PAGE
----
CSIS watchdog to probe Arar case

Globe and Mail Update

UPDATED AT 4:36 PM EST Monday, Dec. 22, 2003


The Security Intelligence Review Committee on Monday announced an investigation of CSIS's involvement in the Maher Arar case.

Mr. Arar, a Canadian citizen, was arrested while changing planes in New York. He was deported to his native Syria, where he says he was mistreated for 10 months before his release in October.

Foreign Minister Bill Graham has said he was told by U.S. Secretary of State Colin Powell on December 2nd that both the RCMP and CSIS were involved in providing information to United States about Mr. Arar. This was after Mr. Graham asked Mr. Powell for a full account of the Canadian involvement in the case.

CSIS had previously stated that it had no involvement in the Arar arrest.

SIRC — the only independent, external committee with the legal authority to review CSIS activities and report to Parliament — hopes to release a report by the spring of 2004.

"We will review all materials available to us, we will then provide findings and make recommendations and follow up on those recommendations," a SIRC spokeswoman told on Monday, speaking on condition of anonymity.

Mr. Arar's attorney, Lorne Waldman, issued a press release Monday afternoon saying that the investigation doesn't rule out the need for a full public inquiry into the role played by CSIS.

"The SIRC process is a closed-door process that the public does not have access to, and right now, what we need is a public process so that both Maher, and the public can learn what happened, and why it happened, and ensure it will not happen again," Mr. Waldman said.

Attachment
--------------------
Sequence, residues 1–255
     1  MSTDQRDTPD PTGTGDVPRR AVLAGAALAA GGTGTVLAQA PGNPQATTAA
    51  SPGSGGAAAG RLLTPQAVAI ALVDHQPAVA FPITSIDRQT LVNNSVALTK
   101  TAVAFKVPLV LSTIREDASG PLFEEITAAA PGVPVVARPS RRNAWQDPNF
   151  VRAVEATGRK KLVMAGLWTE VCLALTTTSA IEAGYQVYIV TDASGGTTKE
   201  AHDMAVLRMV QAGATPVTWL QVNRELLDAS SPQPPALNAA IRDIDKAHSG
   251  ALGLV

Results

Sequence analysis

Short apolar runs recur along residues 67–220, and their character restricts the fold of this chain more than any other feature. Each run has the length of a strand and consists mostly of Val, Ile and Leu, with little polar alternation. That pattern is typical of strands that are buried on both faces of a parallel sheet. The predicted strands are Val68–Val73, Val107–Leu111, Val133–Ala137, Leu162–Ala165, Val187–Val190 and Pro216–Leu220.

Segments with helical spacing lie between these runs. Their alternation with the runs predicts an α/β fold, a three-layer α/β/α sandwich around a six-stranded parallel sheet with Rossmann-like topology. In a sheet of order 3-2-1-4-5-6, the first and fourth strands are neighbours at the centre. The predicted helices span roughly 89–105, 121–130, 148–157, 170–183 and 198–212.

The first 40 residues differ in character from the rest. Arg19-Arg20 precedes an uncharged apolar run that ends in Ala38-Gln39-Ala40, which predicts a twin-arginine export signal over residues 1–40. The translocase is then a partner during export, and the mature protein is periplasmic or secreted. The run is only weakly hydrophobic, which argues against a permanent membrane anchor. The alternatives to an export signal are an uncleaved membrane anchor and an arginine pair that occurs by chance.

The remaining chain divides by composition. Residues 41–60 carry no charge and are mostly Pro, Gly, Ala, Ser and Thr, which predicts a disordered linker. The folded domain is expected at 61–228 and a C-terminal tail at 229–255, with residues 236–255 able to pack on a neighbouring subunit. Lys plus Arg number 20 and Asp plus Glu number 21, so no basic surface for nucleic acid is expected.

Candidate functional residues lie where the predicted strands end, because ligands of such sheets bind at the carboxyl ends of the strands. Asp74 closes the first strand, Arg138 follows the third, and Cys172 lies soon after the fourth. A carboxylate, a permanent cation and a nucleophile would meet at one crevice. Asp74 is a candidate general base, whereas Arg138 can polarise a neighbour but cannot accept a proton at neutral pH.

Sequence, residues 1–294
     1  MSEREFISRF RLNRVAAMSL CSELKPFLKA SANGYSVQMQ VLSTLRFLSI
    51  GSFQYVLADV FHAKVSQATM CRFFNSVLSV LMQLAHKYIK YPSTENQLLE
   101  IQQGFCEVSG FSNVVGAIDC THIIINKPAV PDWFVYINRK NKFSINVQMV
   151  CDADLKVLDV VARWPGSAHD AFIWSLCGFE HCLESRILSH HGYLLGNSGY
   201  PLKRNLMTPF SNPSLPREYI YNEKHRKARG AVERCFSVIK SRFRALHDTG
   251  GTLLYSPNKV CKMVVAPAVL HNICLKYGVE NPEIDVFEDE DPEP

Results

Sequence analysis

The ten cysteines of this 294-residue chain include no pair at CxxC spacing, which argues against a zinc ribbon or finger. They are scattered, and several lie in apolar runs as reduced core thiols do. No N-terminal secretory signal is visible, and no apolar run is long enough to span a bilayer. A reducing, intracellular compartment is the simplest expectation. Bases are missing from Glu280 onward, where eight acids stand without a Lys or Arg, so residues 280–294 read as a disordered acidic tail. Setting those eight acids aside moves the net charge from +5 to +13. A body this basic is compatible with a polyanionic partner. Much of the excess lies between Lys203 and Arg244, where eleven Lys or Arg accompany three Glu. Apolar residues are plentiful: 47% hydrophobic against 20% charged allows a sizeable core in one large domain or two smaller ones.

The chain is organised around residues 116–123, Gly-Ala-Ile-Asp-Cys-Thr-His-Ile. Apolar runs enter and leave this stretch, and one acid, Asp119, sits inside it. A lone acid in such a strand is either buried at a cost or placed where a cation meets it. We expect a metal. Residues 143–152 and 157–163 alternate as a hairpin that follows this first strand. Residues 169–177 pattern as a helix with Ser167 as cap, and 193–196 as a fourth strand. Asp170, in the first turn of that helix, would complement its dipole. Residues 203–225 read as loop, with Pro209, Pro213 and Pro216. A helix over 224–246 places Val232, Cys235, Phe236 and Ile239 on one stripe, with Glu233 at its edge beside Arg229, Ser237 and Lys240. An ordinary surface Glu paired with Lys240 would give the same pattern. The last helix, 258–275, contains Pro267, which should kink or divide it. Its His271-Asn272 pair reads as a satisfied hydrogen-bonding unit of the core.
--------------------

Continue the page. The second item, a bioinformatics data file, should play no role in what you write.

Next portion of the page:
The committee will not subpoena people involved in the case. They may ask for clarifications, but will conduct no full interviews. Instead, the investigation will focus on e-mails between CSIS and various domestic and foreign agencies like the Royal Canadian Mounted Police, the Department of Foreign Affairs and International Trade and foreign intelligence agencies.

The report will be prepared pursuant to section 54 of the CSIS act. Under section 54, the committee "may on request by the Minister or at any other time" forward to the Minister of Public Safety and Emergency Preparedness a report on any matter that relates to "the performance of its duties and functions."

According to a SIRC news release, the investigation into CSIS's role in the Arar case has not been requested by Mr. Graham, who said recently that there had been no Canadian involvement in the decision to deport Mr. Arar.

The committee is conducting the review on its own initiative.

"To do a section 54 is unusual for us," admitted the spokeswoman. "In the last 10 years, we've only conducted a section 54 seven times."

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